Mr. Michael Forsyth: Responsibility for these matter has been delegated to the Director General of the Prison Service, who has been asked to arrange for a reply to be given.

Letter from Derek Lewis to Mr. George Howarth, dated 17 March 1995:

The Home Secretary has asked me to reply to your recent Questions on net operating costs.

Figures for 1994 95 will be published later this year in the Prison Service Annual Report for 1994 95. Figures for 1993 94 have been published in section A of Part Two of the Prison Service Annual Report and Accounts, a copy of which is in the House of Commons Library.

Prison Escapes

Mr. George Howarth: To ask the Secretary of State for the Home Department what was the number of escapes from prison establishments and from prison escorts for each of the local prisons and remand centres, excluding contracted-out prisons, in England and Wales from 1 April 1994 to 31 March 1995.

Mr. Michael Forsyth: Responsibility for this matter has been delegated to the Director General of the Prison Service, who has been asked to arrange for a reply to be given.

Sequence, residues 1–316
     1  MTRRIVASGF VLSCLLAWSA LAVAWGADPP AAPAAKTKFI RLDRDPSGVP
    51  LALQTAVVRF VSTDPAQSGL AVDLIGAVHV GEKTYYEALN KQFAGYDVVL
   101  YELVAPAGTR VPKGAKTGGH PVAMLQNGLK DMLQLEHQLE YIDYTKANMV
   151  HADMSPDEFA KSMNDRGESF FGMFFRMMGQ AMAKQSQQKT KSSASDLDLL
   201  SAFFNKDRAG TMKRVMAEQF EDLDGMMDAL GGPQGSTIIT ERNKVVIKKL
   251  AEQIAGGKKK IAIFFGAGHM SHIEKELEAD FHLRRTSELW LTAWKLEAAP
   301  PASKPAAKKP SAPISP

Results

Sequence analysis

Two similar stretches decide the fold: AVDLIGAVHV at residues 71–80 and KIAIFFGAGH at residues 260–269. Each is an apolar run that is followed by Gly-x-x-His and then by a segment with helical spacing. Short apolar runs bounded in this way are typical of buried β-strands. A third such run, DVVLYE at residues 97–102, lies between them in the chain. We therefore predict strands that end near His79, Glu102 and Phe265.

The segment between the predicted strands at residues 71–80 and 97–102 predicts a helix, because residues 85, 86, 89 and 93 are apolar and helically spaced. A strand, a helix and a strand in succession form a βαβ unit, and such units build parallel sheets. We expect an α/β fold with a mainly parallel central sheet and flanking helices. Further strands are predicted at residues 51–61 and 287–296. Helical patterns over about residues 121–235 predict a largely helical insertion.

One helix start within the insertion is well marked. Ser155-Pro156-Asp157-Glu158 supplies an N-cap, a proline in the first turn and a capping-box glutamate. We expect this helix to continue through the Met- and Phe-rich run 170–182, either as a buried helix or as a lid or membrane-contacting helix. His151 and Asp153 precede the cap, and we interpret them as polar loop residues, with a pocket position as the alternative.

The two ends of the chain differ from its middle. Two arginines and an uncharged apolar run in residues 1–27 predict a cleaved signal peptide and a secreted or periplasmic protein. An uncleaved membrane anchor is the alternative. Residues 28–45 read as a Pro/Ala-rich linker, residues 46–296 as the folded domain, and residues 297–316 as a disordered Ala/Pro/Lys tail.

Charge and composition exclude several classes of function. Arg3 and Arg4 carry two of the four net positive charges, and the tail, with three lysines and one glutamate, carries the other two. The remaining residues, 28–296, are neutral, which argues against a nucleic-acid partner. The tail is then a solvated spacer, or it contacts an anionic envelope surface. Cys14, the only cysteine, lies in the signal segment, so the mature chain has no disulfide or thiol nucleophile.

Letter from Derek Lewis to Mr. George Howarth, dated 17 March 1995:

The Home Secretary has asked me to reply to your recent Question about the number of escapes from prison establishments and prison escorts for each of the local prisons and remand centres, excluding contracted out prisons, in England and Wales from 1 April 1994 to 31 March 1995.

The attached table shows the information requested from 1 April 1994 to 9 March 1995 inclusive, for those establishments where escapes occurred. A copy of this table has been placed in the House of Commons Library.


Establishment |Number                     

------------------------------------------

Bedford       |2                          

Birmingham    |1                          

Brixton       |1                          

Chelmsford    |1                          

Durham        |4                          

Elmley        |1                          

Exeter        |1                          

Gloucester    |1                          

Holme House   |2                          

Hull          |1                          

Leicester     |1                          

Lewes         |1                          

Lincoln       |2                          

Liverpool     |2                          

Manchester    |1                          

Norwich       |2                          

Pentonville   |2                          

Preston       |1                          

Shrewsbury    |1                          

Swansea       |4                          

Wandsworth    |1                          

Brinsford     |3                          

Hindley       |1                          

Rochester     |2                          

                                          

Total         |39